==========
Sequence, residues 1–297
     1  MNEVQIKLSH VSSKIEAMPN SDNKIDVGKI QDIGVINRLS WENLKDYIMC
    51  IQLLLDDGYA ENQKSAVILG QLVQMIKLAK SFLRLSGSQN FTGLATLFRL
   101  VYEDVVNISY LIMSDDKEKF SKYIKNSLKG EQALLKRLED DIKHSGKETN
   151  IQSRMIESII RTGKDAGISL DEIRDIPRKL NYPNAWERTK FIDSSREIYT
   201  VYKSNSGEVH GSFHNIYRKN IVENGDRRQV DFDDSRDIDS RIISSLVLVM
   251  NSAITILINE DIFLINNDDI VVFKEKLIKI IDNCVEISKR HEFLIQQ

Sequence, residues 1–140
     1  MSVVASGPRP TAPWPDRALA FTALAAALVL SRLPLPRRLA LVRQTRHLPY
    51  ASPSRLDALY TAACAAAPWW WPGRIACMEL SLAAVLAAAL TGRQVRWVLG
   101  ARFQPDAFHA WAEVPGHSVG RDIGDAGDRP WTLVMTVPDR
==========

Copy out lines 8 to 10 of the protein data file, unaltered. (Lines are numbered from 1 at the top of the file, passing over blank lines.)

Sequence, residues 1–140
     1  MSVVASGPRP TAPWPDRALA FTALAAALVL SRLPLPRRLA LVRQTRHLPY
    51  ASPSRLDALY TAACAAAPWW WPGRIACMEL SLAAVLAAAL TGRQVRWVLG